Prisoner – Lucky Dube
This is the story of a little boy whose father told him that education is the key, yet he knew better and ended up in jail. And he calls himself Lucky? Well of course he can call himself Lucky as he became a massive reggae star, known and loved throughout the continent and beyond.
I don’t know how much of his musical skills he learned in school, but they certainly put in him good stead as he crafted songs like ‘Prisoner’ with challenging lyrics and a Jamaica meets the townships lilting tune that is simultaneously uplifting and yet somehow slightly sad. This was 1989, in the twilight hours of apartheid. Black people in South Africa were tasting freedom, yet Lucky Dube decided to sing about being a prisoner so its hard to imagine that this song was not a reference to the suffering under apartheid, yet it could quite easily have been. However, it could also have been a message for the future, saying to the generations to come, that education is the key, you get nowhere without it.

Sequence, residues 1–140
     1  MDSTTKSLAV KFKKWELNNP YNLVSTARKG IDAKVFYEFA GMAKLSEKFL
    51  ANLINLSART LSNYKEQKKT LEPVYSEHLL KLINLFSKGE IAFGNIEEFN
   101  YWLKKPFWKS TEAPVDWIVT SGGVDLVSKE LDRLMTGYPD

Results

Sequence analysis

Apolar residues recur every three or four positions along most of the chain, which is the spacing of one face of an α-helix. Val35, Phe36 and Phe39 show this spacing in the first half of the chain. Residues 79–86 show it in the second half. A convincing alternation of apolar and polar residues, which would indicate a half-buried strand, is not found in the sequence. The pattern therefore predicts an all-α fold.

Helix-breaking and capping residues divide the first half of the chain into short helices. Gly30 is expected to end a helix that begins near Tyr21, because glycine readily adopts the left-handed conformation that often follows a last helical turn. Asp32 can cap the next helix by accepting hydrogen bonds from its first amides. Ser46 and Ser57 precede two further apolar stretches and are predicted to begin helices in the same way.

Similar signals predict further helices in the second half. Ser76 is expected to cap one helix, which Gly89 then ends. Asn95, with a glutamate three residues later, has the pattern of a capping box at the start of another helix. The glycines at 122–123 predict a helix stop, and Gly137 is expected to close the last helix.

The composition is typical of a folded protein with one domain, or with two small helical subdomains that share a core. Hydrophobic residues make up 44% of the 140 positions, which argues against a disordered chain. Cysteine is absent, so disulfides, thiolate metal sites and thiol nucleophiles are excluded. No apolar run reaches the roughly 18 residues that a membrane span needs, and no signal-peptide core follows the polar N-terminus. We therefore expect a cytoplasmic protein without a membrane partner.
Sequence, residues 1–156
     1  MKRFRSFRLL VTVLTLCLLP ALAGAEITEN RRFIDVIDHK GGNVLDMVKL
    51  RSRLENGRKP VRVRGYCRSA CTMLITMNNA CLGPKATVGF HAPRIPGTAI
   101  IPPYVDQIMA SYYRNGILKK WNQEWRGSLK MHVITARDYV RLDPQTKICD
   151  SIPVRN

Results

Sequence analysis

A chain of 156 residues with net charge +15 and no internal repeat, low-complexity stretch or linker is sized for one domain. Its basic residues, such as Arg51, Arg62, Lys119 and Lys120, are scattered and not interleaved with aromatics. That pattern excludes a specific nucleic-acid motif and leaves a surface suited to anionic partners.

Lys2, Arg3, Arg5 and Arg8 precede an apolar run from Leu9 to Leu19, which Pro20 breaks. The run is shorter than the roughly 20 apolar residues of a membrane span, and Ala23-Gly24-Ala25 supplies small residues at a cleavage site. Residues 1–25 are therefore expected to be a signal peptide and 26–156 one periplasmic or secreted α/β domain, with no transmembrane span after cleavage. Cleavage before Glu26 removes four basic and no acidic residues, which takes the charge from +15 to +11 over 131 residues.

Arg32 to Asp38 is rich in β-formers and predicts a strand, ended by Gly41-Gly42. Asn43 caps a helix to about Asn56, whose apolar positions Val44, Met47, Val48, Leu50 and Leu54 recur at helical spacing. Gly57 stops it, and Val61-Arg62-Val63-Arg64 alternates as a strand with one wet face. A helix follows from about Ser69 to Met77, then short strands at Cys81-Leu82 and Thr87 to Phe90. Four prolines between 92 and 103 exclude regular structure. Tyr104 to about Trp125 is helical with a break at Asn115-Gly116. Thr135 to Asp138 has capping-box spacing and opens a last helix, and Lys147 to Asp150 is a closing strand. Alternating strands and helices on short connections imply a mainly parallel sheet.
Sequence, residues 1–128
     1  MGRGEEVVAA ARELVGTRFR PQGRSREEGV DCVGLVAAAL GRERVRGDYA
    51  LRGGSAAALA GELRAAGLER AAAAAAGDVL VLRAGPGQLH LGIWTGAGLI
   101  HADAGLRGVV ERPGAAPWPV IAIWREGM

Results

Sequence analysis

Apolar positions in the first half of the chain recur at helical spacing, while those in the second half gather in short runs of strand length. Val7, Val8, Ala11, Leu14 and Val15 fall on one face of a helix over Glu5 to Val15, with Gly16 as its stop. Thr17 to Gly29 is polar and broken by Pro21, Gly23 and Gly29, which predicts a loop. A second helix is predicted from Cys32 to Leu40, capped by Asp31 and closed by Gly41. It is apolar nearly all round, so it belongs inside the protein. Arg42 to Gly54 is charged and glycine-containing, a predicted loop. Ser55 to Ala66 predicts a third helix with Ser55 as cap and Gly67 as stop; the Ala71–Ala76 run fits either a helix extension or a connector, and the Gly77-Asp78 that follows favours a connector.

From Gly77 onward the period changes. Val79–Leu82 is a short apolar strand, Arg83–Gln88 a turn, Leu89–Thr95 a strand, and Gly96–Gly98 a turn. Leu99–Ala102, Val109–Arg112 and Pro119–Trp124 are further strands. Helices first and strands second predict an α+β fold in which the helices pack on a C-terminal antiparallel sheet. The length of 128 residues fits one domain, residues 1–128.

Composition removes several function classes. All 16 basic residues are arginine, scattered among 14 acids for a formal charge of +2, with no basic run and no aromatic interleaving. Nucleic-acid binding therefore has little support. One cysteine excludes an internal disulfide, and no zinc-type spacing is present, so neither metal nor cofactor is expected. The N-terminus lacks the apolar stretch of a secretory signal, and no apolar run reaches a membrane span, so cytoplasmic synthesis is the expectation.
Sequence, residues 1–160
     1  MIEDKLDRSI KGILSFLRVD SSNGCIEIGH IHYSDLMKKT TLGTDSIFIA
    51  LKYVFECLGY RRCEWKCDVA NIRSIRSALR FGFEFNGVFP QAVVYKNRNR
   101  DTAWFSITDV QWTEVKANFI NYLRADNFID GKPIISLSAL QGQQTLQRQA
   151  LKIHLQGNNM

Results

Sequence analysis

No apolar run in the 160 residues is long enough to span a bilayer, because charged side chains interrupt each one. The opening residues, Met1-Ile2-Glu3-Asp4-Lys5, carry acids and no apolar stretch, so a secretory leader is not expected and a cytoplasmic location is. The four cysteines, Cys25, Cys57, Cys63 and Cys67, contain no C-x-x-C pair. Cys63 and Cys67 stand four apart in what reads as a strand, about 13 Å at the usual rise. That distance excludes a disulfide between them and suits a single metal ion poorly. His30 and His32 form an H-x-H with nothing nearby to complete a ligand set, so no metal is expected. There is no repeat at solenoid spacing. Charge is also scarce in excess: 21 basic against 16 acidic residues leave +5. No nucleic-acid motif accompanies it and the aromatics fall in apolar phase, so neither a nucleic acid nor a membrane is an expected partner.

The song would reach number 7 of the Radio 702 charts and 12 on the Capital 604 ones which was quite unusual as Dube was largely ignored by the white radio stations back then. However, ‘Prisoner’ remains as relevant today as it was back then. Despite running out of luck when he was murdered in 2007, the messages of Lucky live on in in his songs.
Where to find it:
Great South African Performers – Lucky Dube (2011), Gallo, CDPS16